Saturday, March 7, 2015

Chappie Review

Neill Blomkamp is back with his third feature-length directorial effort! He first exploded onto the scene in 2009 with District 9, which was so well-liked that it even got an Oscar nomination for best picture. Sci-fi movies NEVER get nominated for best picture which is what makes that crazy. Then in 2013, Blomkamp delivered his second movie Elysium, which got less than favorable reviews. My thoughts on these two movies? Well. I'm not the best one to ask. I didn't see District 9 until recently, but it was a really interesting movie. And I haven't actually seen Elysium quite yet. However, Chappie is a movie that the trailers completely sold me on. In fact I loved the trailers so much that I considered Chappie my most anticipated movie from the first third of the year. The result? Hmmmmm.... not quite the movie I expected.  As you may have noticed, this movie is getting a lot of hate. If you are one of those people that walk out thinking that this movie is a pile of garbage, I totally understand where you are coming from. That said, despite the flaws in this, I actually still found this fairly entertaining.

Chappie is a movie about a slightly futuristic South Africa that has implemented a robotic police force to fight crime. Dev Patel, the creator of these robots, wants to take things a step further by creating an artificially intelligent robot that can think, learn, and grow mentally, thus being a lot more human than the current force of robots. On the flip-side of things, we have Hugh Jackman playing a character who is morally opposed to the idea of artificially intelligent robots and instead wants to implement this mega-robot that is completely controlled by humans, thus avoiding any chance of the robots taking over and destroying mankind like we've seen in countless movies. Original idea? Not really. But I was still really interested mainly because of the character of Chappie, which is the human-like robot that Dev Patel successfully creates. The trailers made Chappie look like this adorable robot that I would fall in love with just like I did with Baymax in Big Hero 6 a few months ago, albeit with the stakes and the action being upped significantly being that this is a movie for adults, not kids. I was down with a bit of been-there-done-that as long as I fell in love with Chappie and the cast pulled off great performances.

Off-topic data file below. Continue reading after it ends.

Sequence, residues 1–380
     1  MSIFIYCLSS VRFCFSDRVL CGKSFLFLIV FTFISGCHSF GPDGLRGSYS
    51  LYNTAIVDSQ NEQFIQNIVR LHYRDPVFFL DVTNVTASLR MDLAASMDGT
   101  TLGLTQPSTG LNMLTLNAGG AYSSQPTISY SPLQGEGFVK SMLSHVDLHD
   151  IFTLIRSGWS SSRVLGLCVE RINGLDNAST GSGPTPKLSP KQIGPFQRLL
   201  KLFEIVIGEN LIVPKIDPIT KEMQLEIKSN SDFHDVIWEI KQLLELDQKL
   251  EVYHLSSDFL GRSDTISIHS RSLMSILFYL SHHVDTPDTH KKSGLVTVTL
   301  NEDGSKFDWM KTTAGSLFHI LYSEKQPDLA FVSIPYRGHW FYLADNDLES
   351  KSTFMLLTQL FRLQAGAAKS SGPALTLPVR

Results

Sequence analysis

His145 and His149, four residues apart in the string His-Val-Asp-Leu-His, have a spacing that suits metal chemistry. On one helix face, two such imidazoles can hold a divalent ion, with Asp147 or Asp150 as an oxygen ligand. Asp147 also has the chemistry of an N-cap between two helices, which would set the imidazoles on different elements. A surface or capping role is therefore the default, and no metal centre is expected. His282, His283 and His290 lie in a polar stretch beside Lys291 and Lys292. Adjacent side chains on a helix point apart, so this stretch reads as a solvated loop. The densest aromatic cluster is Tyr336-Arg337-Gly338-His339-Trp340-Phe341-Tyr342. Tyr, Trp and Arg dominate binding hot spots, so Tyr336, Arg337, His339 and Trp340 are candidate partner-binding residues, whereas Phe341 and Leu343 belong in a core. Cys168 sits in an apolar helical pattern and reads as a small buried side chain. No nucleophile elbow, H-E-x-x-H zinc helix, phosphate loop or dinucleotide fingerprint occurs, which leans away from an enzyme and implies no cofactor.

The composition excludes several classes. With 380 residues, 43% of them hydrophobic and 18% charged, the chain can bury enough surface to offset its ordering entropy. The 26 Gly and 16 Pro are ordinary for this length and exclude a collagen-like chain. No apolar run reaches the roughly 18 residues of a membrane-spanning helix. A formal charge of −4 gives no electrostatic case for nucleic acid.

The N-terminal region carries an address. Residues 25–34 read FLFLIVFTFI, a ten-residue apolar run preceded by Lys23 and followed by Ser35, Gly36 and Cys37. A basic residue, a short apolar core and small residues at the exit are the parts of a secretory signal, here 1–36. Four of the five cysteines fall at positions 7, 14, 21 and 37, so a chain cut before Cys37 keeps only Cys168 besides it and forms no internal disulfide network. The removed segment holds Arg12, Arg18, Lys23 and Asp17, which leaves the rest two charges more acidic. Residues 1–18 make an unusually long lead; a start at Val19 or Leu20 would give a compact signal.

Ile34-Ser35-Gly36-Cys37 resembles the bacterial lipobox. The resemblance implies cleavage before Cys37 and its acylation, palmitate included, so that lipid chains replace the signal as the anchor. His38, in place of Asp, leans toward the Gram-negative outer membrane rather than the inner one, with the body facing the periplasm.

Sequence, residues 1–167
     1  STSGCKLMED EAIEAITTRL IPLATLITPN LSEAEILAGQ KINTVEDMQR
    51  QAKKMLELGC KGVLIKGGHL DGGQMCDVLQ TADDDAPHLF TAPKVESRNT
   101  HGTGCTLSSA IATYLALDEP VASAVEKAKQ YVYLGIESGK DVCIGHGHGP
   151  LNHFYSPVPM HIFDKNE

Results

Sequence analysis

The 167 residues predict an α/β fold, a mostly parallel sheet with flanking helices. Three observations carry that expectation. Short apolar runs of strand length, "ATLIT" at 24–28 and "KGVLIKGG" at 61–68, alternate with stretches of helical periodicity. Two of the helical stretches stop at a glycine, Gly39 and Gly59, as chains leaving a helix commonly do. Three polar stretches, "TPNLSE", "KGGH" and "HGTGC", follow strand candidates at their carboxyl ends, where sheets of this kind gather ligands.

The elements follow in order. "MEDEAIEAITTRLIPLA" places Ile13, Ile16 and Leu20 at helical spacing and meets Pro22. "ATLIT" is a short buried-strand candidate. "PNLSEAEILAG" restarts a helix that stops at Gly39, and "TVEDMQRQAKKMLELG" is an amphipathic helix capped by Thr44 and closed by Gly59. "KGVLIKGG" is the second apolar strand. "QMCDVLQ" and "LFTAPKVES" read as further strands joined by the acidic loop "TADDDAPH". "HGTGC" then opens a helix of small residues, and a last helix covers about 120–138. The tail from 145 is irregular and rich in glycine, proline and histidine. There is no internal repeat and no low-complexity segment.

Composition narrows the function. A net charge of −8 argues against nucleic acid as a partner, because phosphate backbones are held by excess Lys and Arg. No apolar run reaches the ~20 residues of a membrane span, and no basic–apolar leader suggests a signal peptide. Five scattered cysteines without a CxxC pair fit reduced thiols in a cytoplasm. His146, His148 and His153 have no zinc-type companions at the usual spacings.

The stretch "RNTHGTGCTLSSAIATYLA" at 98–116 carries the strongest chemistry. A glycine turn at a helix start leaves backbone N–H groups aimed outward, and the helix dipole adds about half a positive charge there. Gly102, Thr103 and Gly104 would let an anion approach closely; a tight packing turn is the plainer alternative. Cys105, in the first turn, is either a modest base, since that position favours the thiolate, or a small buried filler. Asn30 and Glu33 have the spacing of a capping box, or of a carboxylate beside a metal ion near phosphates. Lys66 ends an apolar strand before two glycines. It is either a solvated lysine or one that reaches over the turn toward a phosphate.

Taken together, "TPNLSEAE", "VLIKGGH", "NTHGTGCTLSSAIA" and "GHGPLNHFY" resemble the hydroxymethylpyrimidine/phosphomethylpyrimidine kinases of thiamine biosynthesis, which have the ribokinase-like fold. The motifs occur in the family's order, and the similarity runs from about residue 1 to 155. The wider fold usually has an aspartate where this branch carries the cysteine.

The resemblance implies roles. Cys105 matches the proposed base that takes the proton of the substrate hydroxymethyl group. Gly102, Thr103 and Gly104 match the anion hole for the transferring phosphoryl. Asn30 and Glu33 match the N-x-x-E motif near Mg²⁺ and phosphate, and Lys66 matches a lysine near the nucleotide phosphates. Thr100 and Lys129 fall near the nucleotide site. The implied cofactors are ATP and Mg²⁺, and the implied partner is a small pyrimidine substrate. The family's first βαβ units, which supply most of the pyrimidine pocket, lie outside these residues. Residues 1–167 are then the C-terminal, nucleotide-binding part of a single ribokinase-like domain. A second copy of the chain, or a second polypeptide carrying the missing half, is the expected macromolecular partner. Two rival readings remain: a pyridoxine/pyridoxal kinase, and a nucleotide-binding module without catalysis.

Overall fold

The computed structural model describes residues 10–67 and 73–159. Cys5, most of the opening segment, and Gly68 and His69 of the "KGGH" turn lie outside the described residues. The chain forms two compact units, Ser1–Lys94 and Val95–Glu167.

Here's the thing, though. This isn't the movie you would expect at all. Based on what I've described along with the trailers, you'd think that this is a Dev Patel and his human-like robot vs. Hugh Jackman and his human-controlled robot. That would bring with it a whole lot of interesting and potentially relevant themes about humanity and what not. This movie goes in a completely different direction that the trailers didn't advertise at all. I don't want to say too much, but the basic premise is that Chappie actually gets kidnapped, so to speak, by this gang who is in desperate need for some great luck due to threats by what's basically a rival gang. They try to train Chappie help them commit various crimes and heists in order to save their butts. Meanwhile Dev Patel is still trying to rescue Chappie so that he'll be trained right and Hugh Jackman of course is trying to implement his plan.